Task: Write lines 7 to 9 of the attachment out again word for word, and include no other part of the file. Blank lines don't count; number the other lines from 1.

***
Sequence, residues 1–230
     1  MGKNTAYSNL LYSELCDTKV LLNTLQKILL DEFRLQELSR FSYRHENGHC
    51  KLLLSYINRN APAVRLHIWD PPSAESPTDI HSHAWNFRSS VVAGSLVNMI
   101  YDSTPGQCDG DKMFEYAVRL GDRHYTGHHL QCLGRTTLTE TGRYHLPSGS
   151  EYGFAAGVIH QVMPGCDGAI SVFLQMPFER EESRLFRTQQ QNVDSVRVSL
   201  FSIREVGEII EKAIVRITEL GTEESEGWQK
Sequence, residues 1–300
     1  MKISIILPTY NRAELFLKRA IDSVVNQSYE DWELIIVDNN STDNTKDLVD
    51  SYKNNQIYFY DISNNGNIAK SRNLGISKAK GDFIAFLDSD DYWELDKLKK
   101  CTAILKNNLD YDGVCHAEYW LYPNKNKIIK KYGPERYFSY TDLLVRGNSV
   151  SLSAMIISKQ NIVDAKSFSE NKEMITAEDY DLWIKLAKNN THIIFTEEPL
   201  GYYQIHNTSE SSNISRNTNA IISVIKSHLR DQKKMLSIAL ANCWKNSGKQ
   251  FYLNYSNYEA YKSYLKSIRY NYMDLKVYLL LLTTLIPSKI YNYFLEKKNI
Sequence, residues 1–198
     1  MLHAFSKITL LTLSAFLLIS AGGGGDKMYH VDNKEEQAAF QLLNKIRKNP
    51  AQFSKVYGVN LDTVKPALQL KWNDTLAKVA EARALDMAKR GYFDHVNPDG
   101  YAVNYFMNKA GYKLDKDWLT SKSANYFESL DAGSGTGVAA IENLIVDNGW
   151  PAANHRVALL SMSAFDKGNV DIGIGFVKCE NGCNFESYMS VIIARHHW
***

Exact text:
Sequence, residues 1–300
     1  MKISIILPTY NRAELFLKRA IDSVVNQSYE DWELIIVDNN STDNTKDLVD
    51  SYKNNQIYFY DISNNGNIAK SRNLGISKAK GDFIAFLDSD DYWELDKLKK